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posted Dec 22, 2020

The Physiology of Mountain Biking

In recent years, competitive mountain biking has attracted the interest of sport scientists, and a small but growing number of physiological studies have been published. The aim of this review is to provide a synthesis of this literature and directions for future research.


posted Dec 22, 2020

The Economic Benefits of Mountain Biking at One of Its Meccas: An Application of the Travel Cost Method to Mountain Biking in Moab, Utah

This 1997 paper estimates the value of a relatively new form of recreation: mountain biking. Its popularity has resulted in many documented conflicts, and its value must be estimated so an informed decision regarding trail allocation can be made. A travel cost model (TCM) is used to estimate the economic benefits, measured by consumer surplus, to the users of mountain bike trails near Moab, Utah.


posted Oct 5, 2020

The Economic Value of Trails in Arizona

As a compliment to the Arizona State Parks 2020 Trails Plan, this study estimates the economic value of non-motorized and motorized trail use to Arizona residents using the travel cost method.


posted Sep 30, 2020

The Power of Trails for Promoting Physical Activity in Communities

by Active Living Research

Promoting physical activity among children and adults is a priority national health objective in the United States. Regular physical activity lowers the risk of chronic diseases and is an important strategy for reversing the obesity epidemic.


posted Aug 18, 2020

Benefits of Hiking: A Means-End Approach on the Appalachian Trail

The purpose of this research was to examine the outcomes prompting hiking along the Appalachian Trail (AT).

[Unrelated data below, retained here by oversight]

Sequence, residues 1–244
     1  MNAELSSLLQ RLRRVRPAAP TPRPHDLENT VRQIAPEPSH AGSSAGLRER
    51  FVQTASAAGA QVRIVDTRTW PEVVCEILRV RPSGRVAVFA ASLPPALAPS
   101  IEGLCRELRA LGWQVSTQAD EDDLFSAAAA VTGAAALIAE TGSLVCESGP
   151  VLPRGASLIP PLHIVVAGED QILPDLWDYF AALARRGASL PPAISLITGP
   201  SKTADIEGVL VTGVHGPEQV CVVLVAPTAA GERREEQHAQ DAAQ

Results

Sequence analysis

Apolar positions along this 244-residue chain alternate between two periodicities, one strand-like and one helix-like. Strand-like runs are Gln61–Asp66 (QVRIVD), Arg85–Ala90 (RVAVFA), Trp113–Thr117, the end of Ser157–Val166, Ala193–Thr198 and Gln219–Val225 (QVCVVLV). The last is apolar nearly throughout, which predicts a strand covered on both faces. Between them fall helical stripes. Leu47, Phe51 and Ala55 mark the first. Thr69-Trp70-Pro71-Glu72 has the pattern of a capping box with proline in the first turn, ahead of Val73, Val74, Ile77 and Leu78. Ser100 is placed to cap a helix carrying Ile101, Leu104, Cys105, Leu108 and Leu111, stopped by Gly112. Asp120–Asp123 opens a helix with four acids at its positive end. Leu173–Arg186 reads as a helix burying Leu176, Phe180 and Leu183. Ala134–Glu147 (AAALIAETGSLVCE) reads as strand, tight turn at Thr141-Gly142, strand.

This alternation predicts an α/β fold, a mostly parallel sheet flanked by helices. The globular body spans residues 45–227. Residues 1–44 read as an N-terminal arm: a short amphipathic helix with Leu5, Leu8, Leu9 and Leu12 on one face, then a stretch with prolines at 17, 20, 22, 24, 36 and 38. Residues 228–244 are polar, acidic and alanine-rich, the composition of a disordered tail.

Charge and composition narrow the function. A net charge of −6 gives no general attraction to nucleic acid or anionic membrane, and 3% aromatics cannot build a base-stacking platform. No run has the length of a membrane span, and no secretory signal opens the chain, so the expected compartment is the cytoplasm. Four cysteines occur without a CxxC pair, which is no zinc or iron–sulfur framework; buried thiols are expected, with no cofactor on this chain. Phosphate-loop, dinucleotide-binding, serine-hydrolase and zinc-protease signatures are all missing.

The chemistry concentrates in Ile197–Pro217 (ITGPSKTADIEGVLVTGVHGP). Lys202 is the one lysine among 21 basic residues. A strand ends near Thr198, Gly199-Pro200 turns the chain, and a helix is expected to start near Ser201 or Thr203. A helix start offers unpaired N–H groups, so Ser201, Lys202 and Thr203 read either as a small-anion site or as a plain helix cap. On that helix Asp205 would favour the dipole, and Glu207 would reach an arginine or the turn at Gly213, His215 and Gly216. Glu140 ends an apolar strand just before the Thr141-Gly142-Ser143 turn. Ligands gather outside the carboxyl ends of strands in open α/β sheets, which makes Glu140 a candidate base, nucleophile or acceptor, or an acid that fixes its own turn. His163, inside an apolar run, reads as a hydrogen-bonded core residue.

posted Aug 17, 2020

Outdoor Participation Report 2018

by Outdoor Foundation

A participant in outdoor recreation is defined as an individual who took part in one or more of 42 outdoor activities at least once during 2017.


posted Aug 14, 2020

Why Trails?

by American Trails

Whether hiking, bicycling, riding on horseback or participating in motorized recreation nearly everyone uses trails for a similar goal – to spend time outdoors. This time outside, whether a short walk down a paved trail to work in an urban setting, or a hike to a point reachable to only a few Americans makes trail users happier people.


posted Aug 14, 2020

The Economic Impact of Snowmobiling in Utah

by Institute of Outdoor Recreation and Tourism at Utah State University

An analysis on the value of snowmobiling to Utah’s economy, the sociodemographic composition of participants, and more.


posted Aug 14, 2020

Economic Impact and Importance of Snowmobiling in Idaho

by Department of Economics, Boise State University

Snowmobiling provides a major recreational opportunity in Idaho given the State’s climatic conditions and mountainous terrain. In addition to the enjoyment provided by snowmobiling, it generates significant impacts in terms of employment and economic activity in many counties and for the State as a whole. In order to estimate the economic importance of snowmobiling in Idaho, the Idaho Department of Parks and Recreation (IDPR) contracted with the Department of Economics at Boise State University (BSU) to perform this study of snowmobiling on a county by- county basis and statewide.


posted Aug 14, 2020

Montana Recreational Snowmobiles

by Bureau of Business and Economic Research, University of Montana

The Bureau of Business and Economic Research’s most recent surveys suggest that about 8 percent of the state's households include snowmobile recreationists. Nearly always, the whole family participates. With an average household size of about 2.5, perhaps as many as 100,000 Montanans participate in the sport each winter.


posted Aug 14, 2020

The Economic Impact of the South Dakota Snowmobiling Industry

by University of South Dakota

South Dakota’s snowmobile trail system is maintained without any contribution from general fund dollars, but brings substantial economic activity into the state. This study estimates the magnitude of that economic activity and its effect on the overall state economy.


posted Aug 7, 2020

Environmental Impacts from Mtn Bicycles, Electric Mtn Bicycles, & Motorcycles

by International Mountain Bicycling Association (IMBA)

In the fall of 2015, under contract with the Bicycle Product Suppliers Association (BPSA), with counsel from a field of recreation management experts, and through a review of existing studies of erosional impacts from trail users, the International Mountain Bicycling Association (IMBA) conducted a scientifically controlled field study.